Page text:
So you've had a run-in with poison ivy, poison oak, or poison sumac, and your skin is itching. You’re covered in blisters on your arms, legs, and maybe even neck. Do you know what to do? How should you treat the blisters? Should you pop them or not? Are there any remedies that can make them go away more quickly?
You've probably heard mixed recommendations on how you should take care of them. Most agree that your first step is to wash the affected area with water to remove any oils on the skin's surface. But should you cover the blisters? This post will discuss how you handle poison oak, poison ivy, and poison sumac blisters and the best way to treat their rashes.
Poison ivy, oak, and sumac are all related poisonous plants. Poison ivy (Toxicodendron radicans) is the most common of these. These plants have concentrated oils, called urushiol, found in all parts of the plant that can cause an allergic reaction if they come in contact with your skin. These plants can cause a skin rash called urushiol-induced contact dermatitis.
The rash is not contagious and cannot spread from person to person. But, the oil can stay on your clothes, pet's fur, or gardening tools for a long time. If you touch something with the oil and then touch your skin, you can get a rash. It takes 12 to 48 hours after contact with the plant before symptoms appear. The severity and duration of the reaction depend on how much urushiol is in contact with your skin and how sensitive you are to it.
Blisters are a common immune response of our body when we react to urushiol oil in poison ivy, oak, and sumac. The blisters appear at the spot where the plant made contact with the skin, which is usually on exposed areas such as forearms, legs, and faces. Blisters can also appear in other areas after touching clothing or an object with urushiol on it.
When we touch poison ivy, oak, and sumac, our body can react by releasing histamines, which cause the skin to become red and bumpy (the bumps are called wheals). The blisters that form are due to the skin's natural reaction to being irritated—it swells up to protect against further damage. And because the oil can stay on your skin after exposure, new blisters can continue to form as your body keeps reacting.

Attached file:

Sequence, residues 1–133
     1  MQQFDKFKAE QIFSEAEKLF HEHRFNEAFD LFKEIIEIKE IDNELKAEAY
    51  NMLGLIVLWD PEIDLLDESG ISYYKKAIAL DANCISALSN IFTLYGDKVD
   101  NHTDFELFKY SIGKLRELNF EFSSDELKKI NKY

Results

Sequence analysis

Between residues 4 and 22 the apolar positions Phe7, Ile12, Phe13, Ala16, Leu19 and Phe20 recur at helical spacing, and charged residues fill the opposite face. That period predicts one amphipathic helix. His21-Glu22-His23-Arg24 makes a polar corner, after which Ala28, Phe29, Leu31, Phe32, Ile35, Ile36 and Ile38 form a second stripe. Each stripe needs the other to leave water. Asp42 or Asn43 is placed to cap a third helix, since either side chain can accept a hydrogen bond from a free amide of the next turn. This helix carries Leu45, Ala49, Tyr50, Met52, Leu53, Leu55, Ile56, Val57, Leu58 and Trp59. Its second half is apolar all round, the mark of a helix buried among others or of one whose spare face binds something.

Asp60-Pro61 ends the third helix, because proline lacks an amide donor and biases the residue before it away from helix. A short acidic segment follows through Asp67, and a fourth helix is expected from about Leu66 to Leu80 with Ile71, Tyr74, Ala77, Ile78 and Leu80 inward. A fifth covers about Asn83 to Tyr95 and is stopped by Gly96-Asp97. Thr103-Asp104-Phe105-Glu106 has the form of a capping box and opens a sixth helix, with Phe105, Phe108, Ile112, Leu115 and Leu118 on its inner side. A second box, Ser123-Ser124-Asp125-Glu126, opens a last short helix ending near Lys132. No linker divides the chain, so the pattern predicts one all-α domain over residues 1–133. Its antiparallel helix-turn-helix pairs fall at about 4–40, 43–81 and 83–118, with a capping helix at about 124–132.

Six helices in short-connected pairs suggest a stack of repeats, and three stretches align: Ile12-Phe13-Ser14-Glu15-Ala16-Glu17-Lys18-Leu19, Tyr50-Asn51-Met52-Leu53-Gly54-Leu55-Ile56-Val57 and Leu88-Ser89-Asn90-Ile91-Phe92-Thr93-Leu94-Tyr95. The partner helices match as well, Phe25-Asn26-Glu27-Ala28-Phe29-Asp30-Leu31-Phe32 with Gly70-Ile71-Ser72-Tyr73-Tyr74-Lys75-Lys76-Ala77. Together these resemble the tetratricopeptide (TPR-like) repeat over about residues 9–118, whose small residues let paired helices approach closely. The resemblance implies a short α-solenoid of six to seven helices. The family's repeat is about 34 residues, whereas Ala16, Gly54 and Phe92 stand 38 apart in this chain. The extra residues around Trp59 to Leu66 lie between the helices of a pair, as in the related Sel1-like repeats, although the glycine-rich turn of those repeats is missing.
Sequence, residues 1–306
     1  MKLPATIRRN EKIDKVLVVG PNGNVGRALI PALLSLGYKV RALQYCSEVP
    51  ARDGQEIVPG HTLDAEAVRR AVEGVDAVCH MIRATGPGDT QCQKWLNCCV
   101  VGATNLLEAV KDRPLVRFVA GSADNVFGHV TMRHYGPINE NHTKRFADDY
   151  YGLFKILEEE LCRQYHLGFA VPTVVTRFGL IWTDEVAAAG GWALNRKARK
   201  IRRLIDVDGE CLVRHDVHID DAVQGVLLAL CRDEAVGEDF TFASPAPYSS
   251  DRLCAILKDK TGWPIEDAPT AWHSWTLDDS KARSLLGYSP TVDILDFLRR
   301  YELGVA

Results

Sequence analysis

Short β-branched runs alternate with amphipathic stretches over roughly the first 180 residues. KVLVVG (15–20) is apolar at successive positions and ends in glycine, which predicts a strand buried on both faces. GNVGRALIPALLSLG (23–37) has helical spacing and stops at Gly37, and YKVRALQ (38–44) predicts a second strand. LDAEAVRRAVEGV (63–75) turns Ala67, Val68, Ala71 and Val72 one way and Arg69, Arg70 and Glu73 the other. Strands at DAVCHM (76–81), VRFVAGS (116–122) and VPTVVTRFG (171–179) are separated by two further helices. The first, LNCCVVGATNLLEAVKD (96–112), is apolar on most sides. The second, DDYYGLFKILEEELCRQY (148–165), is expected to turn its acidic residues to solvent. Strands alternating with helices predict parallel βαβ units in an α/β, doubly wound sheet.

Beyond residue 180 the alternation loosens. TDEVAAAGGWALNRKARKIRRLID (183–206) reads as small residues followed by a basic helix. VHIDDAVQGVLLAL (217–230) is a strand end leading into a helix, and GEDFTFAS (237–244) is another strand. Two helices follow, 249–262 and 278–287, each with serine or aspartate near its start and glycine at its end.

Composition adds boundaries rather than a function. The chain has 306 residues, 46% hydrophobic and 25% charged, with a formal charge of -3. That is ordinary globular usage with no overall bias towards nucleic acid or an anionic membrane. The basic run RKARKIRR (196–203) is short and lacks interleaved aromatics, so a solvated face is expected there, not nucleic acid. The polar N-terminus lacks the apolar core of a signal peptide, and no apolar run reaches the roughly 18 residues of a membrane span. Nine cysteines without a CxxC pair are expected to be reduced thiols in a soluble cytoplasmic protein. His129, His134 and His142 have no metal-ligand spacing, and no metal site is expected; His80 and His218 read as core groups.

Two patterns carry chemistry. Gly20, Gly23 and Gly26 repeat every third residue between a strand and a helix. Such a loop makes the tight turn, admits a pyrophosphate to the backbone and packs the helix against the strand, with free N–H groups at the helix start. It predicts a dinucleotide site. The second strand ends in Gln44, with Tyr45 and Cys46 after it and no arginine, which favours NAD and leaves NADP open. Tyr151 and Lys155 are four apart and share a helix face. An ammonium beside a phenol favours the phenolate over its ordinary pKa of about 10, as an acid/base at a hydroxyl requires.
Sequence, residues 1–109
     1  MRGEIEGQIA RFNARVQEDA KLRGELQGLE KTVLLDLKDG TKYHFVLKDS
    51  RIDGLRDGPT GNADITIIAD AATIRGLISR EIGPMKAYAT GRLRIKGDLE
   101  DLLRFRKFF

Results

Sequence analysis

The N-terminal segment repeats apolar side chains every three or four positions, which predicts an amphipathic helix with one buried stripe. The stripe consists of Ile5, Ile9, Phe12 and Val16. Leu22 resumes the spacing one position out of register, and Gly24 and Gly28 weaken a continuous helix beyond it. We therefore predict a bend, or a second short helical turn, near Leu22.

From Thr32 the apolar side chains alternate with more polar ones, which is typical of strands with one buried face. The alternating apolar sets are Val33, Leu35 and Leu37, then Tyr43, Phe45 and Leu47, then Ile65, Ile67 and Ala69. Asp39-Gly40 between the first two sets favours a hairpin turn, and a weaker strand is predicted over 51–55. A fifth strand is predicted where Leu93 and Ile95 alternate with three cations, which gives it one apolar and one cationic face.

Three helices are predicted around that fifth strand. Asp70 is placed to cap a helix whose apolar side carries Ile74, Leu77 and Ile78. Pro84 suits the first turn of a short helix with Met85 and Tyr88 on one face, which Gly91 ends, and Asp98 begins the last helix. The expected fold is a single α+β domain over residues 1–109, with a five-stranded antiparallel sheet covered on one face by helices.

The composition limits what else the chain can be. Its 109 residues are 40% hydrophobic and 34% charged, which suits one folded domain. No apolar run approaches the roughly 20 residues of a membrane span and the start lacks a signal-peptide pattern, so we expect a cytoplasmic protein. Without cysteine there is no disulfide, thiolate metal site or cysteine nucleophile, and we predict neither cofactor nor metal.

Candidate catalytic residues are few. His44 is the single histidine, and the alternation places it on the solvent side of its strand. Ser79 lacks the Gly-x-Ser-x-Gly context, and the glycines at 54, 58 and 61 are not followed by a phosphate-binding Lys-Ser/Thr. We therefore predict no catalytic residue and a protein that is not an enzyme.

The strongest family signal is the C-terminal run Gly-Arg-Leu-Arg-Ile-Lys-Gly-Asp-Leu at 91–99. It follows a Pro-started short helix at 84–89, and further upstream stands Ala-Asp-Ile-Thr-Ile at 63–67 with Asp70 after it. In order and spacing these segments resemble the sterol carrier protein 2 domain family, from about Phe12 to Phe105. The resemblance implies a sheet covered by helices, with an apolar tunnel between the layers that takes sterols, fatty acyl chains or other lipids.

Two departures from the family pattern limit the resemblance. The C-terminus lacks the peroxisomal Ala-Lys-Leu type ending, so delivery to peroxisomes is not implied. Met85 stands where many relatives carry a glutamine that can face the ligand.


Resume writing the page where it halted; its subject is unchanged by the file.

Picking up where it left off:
Popping blisters is tempting, but it can lead to infection and scarring. The best thing you can do is leave them alone and loosely cover them with a bandage or clean cloth for protection. Follow these easy steps to take care of your unpopped blisters:
The classic image of a popped blister looks similar to a large whitehead with some redness around it, and it's typically flat or slightly raised. If your blisters are already popped, follow these easy steps.
Remember, if a blister pops or is removed by scratching or picking, the area will heal and develop a crust. This crust can last for two weeks or more as it heals.
The best defense against blisters is prevention, so take care of your skin before there's a problem! There are some great tips to prevent getting poison ivy, oak, or sumac sap on you:
Don't let an itch or a patch of poison ivy, oak or sumac ruin your hike or work. Be prepared with Tecnu Outdoor Solutions.
The best treatment for these rashes is to avoid these plants, but there's still a chance that the oil will get on your hands. If you know you're going to be spending time in the woods, it's worth it to carry some first aid in your backpack. To know more about how you can have a rash-free hike, visit our store now!